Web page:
His expedition from the mighty river's source to its mouth, in the unambiguously titled Amazon with Bruce Parry, has been one of autumn's great treats. I particularly enjoy the sequences in which he goes native, spending a week here and a week there with simple, decent folk who seem to live cheerfully, if not always fruitfully, off the land. It rather makes one wonder how he copes when he gets back to the UK. When you've been clutched to the bosom of indigenous peoples, what's it like to walk down Balham High Street with everyone avoiding eye contact? That said, there was one evening when his hosts seemed "a bit quiet, a bit distracted". It turned out that they had been trying to behave indigenously for the benefit of the British camera crew, while also desperately wanting to watch a Brazil football match on television. I was reminded of the Bedouin tribe that some years ago delayed its annual migration across the Sahara because its elders wanted to watch the last episode of Dallas. We are sorely deluded if we think these people spend their leisure time knitting kayaks out of palm fronds, and Parry had the wit to acknowledge as much. The Amazon deserves him, but the unbreakables I think it can do without.

Arts and Entertainment
Sir Nicholas Serota has been a feature in the Power 100 top ten since its 2002 launch
Arts and Entertainment
Awesome foursome: Sam Smith shows off his awards
music22-year-old confirms he is 2014’s breakout British music success
Arts and Entertainment
Contestants during this summer's Celebrity Big Brother grand finale
tvBroadcaster attempts to change its image following sale to American media group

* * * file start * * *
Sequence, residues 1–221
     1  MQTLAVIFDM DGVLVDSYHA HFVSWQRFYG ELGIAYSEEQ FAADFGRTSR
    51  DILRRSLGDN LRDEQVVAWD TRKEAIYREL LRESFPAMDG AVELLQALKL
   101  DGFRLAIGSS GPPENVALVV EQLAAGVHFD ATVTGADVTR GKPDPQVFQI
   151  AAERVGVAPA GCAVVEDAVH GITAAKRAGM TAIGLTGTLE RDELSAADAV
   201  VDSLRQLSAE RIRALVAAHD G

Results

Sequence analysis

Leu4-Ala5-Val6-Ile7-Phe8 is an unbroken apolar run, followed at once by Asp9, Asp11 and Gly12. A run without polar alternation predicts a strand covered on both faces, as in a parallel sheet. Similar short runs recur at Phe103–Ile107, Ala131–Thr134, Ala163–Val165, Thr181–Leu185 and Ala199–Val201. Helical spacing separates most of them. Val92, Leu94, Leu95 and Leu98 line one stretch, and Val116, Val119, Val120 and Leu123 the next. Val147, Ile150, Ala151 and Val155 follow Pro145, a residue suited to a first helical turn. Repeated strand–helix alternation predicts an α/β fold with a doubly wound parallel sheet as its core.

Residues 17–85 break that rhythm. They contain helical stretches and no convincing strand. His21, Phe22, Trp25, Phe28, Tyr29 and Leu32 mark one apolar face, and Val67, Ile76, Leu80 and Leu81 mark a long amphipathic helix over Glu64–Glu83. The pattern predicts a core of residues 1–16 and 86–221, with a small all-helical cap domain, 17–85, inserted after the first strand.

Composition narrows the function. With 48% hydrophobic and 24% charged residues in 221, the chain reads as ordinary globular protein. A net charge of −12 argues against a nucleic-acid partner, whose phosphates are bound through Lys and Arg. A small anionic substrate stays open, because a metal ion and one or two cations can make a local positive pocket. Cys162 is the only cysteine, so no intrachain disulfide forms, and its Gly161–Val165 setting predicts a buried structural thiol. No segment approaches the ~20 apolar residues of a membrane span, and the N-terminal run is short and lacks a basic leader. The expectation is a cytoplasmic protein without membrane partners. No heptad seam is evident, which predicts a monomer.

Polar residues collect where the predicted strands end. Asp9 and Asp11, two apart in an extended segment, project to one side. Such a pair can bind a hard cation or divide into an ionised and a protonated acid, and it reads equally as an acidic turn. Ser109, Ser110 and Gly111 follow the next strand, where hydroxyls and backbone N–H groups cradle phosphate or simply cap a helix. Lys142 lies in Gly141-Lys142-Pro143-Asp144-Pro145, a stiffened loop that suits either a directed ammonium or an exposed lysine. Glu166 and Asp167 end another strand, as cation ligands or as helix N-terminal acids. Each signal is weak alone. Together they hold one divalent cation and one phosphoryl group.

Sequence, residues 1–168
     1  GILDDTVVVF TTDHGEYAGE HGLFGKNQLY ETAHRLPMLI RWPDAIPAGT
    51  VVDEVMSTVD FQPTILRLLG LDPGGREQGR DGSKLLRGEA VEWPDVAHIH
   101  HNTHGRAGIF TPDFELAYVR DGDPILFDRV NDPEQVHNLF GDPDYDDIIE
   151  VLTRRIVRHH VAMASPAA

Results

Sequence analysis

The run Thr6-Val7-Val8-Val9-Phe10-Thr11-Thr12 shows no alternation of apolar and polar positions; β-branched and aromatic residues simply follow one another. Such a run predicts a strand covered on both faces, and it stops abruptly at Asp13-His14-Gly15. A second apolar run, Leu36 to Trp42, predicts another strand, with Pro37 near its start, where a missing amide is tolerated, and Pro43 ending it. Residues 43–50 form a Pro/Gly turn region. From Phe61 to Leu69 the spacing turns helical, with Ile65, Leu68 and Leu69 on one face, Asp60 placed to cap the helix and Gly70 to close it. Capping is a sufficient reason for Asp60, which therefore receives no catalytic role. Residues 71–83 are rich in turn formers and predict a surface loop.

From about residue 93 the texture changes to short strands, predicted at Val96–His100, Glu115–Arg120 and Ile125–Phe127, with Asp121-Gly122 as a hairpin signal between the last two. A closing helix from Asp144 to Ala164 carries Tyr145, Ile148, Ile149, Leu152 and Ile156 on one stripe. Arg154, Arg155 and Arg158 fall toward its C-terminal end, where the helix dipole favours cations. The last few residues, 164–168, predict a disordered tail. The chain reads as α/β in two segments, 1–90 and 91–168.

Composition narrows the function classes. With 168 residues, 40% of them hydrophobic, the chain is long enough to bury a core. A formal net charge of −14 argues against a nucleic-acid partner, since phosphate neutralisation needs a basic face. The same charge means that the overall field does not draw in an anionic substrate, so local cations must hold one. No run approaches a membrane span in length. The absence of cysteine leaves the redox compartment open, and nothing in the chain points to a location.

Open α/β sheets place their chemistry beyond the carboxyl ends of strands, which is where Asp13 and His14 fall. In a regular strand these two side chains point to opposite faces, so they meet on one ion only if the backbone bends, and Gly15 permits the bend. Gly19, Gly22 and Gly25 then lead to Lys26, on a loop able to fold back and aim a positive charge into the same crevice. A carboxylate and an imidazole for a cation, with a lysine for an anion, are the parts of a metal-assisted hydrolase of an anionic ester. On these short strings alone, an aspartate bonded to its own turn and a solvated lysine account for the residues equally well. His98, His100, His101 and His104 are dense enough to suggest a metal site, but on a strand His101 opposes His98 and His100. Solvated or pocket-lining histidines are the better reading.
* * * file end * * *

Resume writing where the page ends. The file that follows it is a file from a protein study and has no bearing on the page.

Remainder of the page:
Arts and Entertainment
Sarah Dales attempts to sell British Breeze in the luxury scent task
tvReview: 'Apprentice' candidate on the verge of tears as they were ejected from the boardroom
Arts and Entertainment
Kate Bush: 'I'm going to miss everyone so much'
Arts and Entertainment
Laura Wood, winner of the Montegrappa Scholastic Prize for New Children’s Writing

Children's bookseller wins The Independent's new author search

Arts and Entertainment
Pulling the strings: Spira Mirabilis

Have you tried new the Independent Digital Edition apps?
Arts and Entertainment
Neville's Island at Duke of York's theatre
musicReview: The production has been cleverly cast with a quartet of comic performers best known for the work on television
Arts and Entertainment
Banksy's 'The Girl with the Pierced Eardrum' in Bristol

Arts and Entertainment
Lynda Bellingham stars in her last Oxo advert with on-screen husband Michael Redfern

Arts and Entertainment
Hunger Games actress Jena Malone has been rumoured to be playing a female Robin in Batman v Superman

Arts and Entertainment
Tim Minchin portrait
For a no-holds-barred performer who is scathing about woolly thinking and oppressive religiosity, Tim Minchin is surprisingly gentle
Arts and Entertainment
Clara takes the lead in 'Flatline' while the Doctor remains in the Tardis
tvReview: The 'Impossible Girl' earns some companion stripes... but she’s still annoying in 'Dr Who, Flatline'
Arts and Entertainment
Joy Division photographed around Waterloo Road, Stockport, near Strawberry Studios. The band are Bernard Sumner (guitar and keyboards), Stephen Morris (drums and percussion), Ian Curtis (vocals and occasional guitar), Peter Hook (bass guitar and backing vocals).
Arts and Entertainment
Sean Harris in 'The Goob' film photocall, at the Venice International Film Festival 2014
filmThe Bafta-winner talks Hollywood, being branded a psycho, and how Streisand is his true inspiration
Arts and Entertainment
X Factor contestant Fleur East
tvReview: Some lacklustre performances - but the usual frontrunners continue to excel
Arts and Entertainment
Richard Tuttle's installation in the Turbine Hall at the Tate Modern
artAs two major London galleries put textiles in the spotlight, the poor relation of the creative world is getting recognition it deserves
Arts and Entertainment
Hunger Games actress Jena Malone has been rumoured to be playing a female Robin in Batman v Superman
Arts and Entertainment
On top of the world: Actress Cate Blanchett and author Richard Flanagan
artsRichard Flanagan's Man Booker win has put paid to the myth that antipodean artists lack culture